The Domestic Prosecution of the Crime of Aggression after the International Criminal Court Review Conference: Possibilities and Alternatives

20 Pages Posted: 5 Sep 2013

See all articles by Nidal Nabil Jurdi

Nidal Nabil Jurdi

McGill University; American University of Beirut

Date Written: September 3, 2013


During the International Criminal Court Review Conference in Kampala, the issue of complementarity and aggression was not given the proper attention it deserved. In principle, the application of art 17 has remained intact for all crimes of the Rome Statute of the International Criminal Court (‘Rome Statute’) — including aggression — but it is unclear how complementarity will interplay with other principles of international law when it is applied to aggression. Despite this uncertainty, this article claims that if certain conditions are fulfilled there exist ‘solutions’ that will allow domestic courts to exercise jurisdiction over this ‘supreme crime’. It argues that because states have incorporated the crime of aggression — which in turn has incorporated the act of aggression — into the Rome Statute without amending the complementarity mechanism, they have not closed the door to allowing domestic courts to look into the crime under the complementarity mechanism, albeit under the jurisdictional limitations adopted in Kampala. Even the adopted understanding in Kampala on domestic prosecution, which may be viewed by some as a weakening factor for this article’s claims, should not be overestimated; as a non-ratified annex it cannot be given more weight than the Rome Statute’s pivotal art 17 or the amendments adopted. Finally, several uncontroversial and uncontested options for domestic prosecutions still remain. The first is when the beneficiary state decides to explicitly waive its right. The second is when national courts have primary responsibility under the complementarity mechanism to prosecute crimes of aggression committed by their own nationals. Furthermore, domestic courts will be able to prosecute non-nationals for the crime of aggression after the International Criminal Court or the United Nations Security Council has determined that an act of aggression has been committed. While there is no doubt that the issue of domestic prosecution of the crime of aggression remains contentious, the possibility of its domestic prosecution remains open — albeit requiring some creative interpretations of the amendments of the Rome Statute.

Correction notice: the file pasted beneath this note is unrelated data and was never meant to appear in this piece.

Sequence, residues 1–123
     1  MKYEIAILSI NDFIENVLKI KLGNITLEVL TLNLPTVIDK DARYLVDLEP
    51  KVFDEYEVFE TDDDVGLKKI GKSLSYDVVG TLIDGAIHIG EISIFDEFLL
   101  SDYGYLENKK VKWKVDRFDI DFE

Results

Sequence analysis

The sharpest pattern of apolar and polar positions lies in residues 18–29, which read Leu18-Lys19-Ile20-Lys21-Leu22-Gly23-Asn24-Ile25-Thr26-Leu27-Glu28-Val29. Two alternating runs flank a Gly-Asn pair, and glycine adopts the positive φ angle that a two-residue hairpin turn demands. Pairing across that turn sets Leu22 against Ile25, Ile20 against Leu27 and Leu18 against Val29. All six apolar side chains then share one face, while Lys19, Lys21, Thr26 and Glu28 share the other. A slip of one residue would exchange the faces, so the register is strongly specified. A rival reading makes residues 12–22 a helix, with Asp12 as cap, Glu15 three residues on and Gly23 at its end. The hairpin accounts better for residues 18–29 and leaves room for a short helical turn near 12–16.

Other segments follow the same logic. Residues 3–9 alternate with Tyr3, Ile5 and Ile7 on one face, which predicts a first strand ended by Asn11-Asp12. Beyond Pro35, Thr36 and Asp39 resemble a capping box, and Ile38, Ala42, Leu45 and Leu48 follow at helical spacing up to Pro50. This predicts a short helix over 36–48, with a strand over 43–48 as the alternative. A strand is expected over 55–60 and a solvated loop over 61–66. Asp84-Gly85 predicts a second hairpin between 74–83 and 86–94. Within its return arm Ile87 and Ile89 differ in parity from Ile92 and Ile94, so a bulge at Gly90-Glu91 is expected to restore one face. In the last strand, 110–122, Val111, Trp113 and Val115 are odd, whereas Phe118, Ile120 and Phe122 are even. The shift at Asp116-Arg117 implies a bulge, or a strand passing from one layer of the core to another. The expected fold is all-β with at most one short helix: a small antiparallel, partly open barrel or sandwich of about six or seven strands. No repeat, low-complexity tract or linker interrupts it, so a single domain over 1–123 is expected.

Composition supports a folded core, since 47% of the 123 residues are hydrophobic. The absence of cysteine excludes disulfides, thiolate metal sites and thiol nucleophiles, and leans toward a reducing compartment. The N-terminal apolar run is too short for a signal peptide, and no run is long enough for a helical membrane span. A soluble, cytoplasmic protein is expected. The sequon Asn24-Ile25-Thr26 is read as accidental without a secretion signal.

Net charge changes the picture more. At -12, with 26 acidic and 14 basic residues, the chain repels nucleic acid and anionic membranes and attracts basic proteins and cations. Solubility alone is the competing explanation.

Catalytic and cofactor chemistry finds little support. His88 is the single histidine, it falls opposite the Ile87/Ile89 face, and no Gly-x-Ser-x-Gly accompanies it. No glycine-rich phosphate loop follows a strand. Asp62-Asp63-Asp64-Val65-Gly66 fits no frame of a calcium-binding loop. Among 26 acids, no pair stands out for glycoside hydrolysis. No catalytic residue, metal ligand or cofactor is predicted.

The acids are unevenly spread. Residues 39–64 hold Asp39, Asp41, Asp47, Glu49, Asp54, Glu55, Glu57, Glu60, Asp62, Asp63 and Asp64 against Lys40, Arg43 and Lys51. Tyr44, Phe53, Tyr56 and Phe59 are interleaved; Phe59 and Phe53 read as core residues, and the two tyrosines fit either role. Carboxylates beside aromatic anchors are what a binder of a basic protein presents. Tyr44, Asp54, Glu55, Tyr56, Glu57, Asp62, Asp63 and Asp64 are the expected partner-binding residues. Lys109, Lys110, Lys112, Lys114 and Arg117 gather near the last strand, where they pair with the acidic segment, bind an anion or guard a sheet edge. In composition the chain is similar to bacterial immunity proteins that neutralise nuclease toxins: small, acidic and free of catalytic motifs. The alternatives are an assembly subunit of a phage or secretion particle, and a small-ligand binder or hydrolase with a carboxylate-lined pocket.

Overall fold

Keywords: International Criminal Court, Complementarity, Crime of Aggression, ICC Review Conference, Kampala, domestic prosecutions, Article 17.

Suggested Citation

Jurdi, Nidal Nabil, The Domestic Prosecution of the Crime of Aggression after the International Criminal Court Review Conference: Possibilities and Alternatives (September 3, 2013). Melbourne Journal of International Law, Vol. 14, No. 2, 2013. Available at SSRN:

Nidal Nabil Jurdi (Contact Author)

McGill University ( email )

1001 Sherbrooke St. W
Montreal, Quebec H3A 1G5

American University of Beirut ( email )

Beirut, 0236

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